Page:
Swetha Mathan is the Digital Inclusion Project Lead at Skills Enterprise with over 7 years of experience working with vulnerable and marginalised BAME communities, supporting them in their welfare journey.
Skills Enterprise’s digital inclusion project supported over 200 EU citizens, particularly the homeless and vulnerably housed, who had no access to devices or connectivity.
In 2019, Swetha received the Voicebox café finalist award at the Festival of Learning along with Good Things Foundation for engaging traditionally excluded women to understand, celebrate and participate in democracy and public life in the UK.
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In April 2014, Skills Enterprise along with two other local charities, Bonny Downs Community Association and the NewWay project, launched a day centre for homeless and vulnerably housed adults in Newham. Our outreach team provided a wide range of year round support services that helped people move out of crisis, build resilience and successful transition into their new life away from the streets.
The day centre supported rough sleepers who were nationals of Romania, Lithuania and Poland. Every day was different working at the centre and the struggles the homeless people experienced were evident and agonising and we had to take steps to identify the causes and help them address the challenges. We recognised that some common causes such as language barrier, lack of basic IT skills, lack of communication due to having limited devices/ internet to none, poor lifestyle choices, vulnerable housing conditions, limited exposure to the outside world and having less access to social support were habitual among most of the vulnerable users.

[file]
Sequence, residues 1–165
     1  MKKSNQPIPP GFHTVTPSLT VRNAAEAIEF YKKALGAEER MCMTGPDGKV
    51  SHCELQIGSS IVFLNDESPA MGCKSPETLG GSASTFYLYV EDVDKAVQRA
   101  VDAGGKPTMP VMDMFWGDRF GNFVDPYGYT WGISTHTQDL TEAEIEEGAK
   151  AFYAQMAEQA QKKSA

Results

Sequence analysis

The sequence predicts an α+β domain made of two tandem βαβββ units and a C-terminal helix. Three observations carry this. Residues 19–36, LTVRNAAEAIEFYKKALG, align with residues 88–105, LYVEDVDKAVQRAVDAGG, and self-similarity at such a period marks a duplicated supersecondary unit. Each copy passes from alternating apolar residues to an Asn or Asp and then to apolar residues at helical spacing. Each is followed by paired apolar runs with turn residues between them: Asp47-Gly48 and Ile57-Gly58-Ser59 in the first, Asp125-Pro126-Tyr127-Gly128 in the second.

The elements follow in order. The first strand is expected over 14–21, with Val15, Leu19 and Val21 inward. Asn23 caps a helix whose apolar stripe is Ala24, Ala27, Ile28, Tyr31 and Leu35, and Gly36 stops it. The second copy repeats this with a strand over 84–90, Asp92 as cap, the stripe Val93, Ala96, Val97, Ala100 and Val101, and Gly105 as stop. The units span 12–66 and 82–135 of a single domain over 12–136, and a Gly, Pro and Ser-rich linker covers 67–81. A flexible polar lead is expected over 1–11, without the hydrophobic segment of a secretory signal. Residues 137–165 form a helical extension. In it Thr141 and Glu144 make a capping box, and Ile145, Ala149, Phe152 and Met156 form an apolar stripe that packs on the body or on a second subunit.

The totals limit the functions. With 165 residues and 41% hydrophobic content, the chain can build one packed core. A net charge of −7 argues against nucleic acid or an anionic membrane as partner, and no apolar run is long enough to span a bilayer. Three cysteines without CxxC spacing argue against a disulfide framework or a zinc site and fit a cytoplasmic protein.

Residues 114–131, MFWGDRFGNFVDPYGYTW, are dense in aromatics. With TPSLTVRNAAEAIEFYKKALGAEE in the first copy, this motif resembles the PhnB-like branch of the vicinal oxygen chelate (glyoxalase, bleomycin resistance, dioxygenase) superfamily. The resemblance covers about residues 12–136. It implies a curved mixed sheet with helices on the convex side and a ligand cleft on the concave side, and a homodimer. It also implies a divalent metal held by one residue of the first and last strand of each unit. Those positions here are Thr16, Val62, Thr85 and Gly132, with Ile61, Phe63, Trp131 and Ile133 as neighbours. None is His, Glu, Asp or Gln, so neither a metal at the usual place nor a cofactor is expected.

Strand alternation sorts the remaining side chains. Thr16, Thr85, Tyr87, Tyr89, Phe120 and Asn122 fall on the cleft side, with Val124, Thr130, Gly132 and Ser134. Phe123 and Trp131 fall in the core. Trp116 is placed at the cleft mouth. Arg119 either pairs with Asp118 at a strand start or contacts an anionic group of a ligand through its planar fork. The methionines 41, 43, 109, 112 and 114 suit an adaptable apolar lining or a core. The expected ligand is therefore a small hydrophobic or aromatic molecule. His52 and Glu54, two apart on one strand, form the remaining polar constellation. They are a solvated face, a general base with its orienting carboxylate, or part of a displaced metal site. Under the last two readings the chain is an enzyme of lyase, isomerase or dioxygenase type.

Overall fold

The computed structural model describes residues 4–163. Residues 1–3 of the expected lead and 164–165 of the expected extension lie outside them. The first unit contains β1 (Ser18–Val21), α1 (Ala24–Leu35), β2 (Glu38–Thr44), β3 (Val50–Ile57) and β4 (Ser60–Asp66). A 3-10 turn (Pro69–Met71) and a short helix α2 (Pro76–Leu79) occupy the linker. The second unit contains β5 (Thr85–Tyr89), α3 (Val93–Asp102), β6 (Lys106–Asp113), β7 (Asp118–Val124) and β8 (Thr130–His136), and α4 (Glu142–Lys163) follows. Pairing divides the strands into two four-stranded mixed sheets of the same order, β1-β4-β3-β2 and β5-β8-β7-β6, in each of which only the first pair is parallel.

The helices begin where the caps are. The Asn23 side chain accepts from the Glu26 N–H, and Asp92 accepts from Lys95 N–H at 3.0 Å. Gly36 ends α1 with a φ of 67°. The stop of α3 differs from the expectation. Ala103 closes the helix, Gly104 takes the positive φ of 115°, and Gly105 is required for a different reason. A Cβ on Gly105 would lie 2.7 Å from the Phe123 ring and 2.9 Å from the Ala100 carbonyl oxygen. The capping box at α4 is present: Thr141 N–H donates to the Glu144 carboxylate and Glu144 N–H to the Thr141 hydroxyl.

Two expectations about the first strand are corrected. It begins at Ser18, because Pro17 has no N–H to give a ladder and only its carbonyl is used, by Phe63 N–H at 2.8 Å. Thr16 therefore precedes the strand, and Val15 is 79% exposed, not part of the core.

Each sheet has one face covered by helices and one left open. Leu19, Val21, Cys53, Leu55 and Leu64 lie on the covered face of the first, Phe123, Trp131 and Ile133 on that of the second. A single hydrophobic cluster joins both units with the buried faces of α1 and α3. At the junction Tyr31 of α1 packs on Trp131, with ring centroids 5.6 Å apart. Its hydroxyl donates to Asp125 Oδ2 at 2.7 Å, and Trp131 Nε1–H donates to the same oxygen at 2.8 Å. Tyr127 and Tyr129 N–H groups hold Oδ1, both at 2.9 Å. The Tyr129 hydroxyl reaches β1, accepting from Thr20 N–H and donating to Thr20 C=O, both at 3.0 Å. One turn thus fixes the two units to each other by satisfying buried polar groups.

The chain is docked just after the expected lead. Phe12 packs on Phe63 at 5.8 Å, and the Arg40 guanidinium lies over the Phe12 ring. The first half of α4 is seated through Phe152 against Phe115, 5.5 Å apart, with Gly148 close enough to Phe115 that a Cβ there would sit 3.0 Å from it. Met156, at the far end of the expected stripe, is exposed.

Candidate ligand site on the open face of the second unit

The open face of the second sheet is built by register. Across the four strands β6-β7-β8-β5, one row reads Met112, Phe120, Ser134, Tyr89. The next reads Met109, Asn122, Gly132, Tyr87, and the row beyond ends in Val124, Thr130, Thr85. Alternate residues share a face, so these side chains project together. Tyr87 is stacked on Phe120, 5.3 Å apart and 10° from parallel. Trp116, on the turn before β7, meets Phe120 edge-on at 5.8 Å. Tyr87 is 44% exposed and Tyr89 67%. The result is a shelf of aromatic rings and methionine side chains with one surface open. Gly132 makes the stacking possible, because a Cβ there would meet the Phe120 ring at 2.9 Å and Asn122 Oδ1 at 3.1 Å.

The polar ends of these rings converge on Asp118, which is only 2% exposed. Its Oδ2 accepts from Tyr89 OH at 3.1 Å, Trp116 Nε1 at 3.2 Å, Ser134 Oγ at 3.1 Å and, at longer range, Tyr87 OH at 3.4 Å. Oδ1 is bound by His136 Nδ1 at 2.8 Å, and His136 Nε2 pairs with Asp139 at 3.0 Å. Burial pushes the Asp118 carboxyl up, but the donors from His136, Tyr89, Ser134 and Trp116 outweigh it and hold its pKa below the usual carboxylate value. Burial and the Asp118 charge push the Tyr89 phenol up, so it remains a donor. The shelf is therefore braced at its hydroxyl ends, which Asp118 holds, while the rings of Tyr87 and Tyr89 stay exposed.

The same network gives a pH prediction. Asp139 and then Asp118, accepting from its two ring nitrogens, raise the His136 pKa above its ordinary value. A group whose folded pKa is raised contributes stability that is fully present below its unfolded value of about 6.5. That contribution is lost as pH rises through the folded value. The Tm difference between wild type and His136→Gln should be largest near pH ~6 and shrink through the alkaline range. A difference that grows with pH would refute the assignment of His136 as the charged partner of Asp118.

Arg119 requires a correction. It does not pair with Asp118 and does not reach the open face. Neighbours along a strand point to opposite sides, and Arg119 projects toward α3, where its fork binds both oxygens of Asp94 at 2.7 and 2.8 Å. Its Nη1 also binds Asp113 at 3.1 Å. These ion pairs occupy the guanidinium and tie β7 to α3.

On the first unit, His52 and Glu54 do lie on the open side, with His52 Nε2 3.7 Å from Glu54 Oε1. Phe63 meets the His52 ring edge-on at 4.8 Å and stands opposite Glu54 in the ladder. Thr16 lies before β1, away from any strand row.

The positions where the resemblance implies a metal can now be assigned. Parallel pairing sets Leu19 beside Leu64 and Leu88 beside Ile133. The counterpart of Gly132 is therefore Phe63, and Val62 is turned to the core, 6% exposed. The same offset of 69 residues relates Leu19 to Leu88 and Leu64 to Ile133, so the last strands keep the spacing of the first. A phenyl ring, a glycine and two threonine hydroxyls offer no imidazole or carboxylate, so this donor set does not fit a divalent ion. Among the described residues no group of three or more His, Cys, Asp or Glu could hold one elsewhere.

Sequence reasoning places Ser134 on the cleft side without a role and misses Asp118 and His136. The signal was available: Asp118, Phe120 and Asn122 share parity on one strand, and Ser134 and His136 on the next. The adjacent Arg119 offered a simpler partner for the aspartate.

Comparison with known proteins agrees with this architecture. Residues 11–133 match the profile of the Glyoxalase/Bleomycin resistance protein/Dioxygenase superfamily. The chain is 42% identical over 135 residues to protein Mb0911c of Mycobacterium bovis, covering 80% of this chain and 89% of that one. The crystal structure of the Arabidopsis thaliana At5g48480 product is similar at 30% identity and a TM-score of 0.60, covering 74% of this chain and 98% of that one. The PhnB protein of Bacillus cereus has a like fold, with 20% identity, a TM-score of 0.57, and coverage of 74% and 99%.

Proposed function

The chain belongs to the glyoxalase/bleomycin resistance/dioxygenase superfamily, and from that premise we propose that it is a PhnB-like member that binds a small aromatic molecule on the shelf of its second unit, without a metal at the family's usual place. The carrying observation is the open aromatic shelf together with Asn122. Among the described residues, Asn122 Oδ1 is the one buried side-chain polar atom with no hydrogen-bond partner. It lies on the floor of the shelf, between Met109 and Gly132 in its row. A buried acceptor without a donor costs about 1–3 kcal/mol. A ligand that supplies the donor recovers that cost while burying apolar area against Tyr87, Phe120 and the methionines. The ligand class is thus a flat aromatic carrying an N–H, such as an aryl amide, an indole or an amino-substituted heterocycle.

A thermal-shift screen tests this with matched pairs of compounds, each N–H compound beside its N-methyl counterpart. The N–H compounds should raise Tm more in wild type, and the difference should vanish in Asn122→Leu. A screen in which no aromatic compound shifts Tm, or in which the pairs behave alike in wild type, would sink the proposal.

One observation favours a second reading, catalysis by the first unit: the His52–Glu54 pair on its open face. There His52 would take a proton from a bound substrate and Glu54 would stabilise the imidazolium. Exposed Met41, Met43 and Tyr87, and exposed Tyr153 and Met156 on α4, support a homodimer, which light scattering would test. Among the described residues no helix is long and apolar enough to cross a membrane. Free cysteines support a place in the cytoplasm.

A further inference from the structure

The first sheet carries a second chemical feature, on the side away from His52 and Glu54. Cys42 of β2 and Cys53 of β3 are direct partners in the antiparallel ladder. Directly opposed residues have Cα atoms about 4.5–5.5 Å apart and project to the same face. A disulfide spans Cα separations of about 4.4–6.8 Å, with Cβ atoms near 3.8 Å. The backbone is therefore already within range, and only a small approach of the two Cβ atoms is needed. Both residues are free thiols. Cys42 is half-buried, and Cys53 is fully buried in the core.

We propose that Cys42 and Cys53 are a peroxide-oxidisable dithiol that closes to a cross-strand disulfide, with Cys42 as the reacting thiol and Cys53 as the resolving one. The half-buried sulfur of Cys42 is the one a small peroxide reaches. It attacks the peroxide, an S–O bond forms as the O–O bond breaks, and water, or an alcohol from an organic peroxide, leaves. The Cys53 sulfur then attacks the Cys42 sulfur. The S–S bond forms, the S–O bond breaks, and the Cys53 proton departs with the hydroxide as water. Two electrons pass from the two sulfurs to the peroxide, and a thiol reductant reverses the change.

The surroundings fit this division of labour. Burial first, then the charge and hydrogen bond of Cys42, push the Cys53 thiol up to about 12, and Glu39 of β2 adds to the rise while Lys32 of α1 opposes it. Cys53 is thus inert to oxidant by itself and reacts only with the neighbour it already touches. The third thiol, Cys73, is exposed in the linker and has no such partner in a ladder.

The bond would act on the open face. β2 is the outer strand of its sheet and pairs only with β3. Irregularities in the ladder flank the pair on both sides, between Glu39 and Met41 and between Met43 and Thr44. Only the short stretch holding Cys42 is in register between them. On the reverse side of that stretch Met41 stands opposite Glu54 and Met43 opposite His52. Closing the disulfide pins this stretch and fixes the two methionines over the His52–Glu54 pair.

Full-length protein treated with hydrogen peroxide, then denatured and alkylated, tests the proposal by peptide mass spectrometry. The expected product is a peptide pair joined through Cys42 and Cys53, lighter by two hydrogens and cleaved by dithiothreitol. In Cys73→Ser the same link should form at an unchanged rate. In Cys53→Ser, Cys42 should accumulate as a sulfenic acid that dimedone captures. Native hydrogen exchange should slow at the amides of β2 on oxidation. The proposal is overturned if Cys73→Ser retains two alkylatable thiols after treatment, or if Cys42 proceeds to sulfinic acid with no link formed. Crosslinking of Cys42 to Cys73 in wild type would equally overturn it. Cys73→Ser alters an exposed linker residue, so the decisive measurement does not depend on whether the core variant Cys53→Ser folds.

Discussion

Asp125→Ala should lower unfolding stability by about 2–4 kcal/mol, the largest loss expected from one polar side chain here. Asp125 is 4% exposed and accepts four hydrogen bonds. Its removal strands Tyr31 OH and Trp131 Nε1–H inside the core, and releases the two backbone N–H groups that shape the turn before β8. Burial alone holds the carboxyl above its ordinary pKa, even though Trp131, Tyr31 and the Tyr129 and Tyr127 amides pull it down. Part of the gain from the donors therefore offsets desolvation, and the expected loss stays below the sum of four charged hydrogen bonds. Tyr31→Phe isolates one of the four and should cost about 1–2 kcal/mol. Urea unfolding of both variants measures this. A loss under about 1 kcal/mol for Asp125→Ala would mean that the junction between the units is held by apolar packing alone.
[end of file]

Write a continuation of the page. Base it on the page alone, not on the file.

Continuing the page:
It was significant that those barriers had a negative impact on them and a large number of people fell into crisis as they did not have specialist advice or support to address these challenges. This in turn, prevented them from work, accessing housing, welfare benefits, public support and healthcare system ultimately leading them into homelessness and destitution. All users were different and their needs were different to each other and some had complex needs such as immigration advice, mental health and rehabilitation and so it was important that we took a holistic approach towards tackling homelessness and destitution. We dynamically supported users into digital training, education and employment. Our service also provided them access to laptops, digital devices, housing advocacy, debt/benefits advice, job search support, help with new/lost NI number and help with lost/renewal of IDs.
On 23 June 2016, the UK voted in a referendum to leave the European Union. Following the exit from the EU, the transitional period recognised EU citizens’ rights to enter and remain in the UK. During this period, the EU Settlement Scheme was set up allowing EU citizens to register for their right of residence in the UK. Since the scheme was launched Skills Enterprise was a core consortium member supporting users with their settlement applications through our digital assistance programme. We offered specialist digital support and guidance for EU citizens who accessed our homeless day centre. Users had no access to digital devices thus putting them at risk, as accesses to digital resources were essential for the application process. Their lack of basic IT skills either prevented them from making applications or made the application process complicated and arduous as the application process involved filing online form, creating email account, verifying documents though mobile apps, uploading documents/ photograph and confirming email communications. Supporting them through the application process highlighted the need for digital training and so we set up digital hubs within the day centre where users we allowed to browse the laptops, explore the internet and learn the basics of IT. The outcomes were amazing as the users were able to break their barriers and our digital hub created a positive environment for them to be creative and progressive.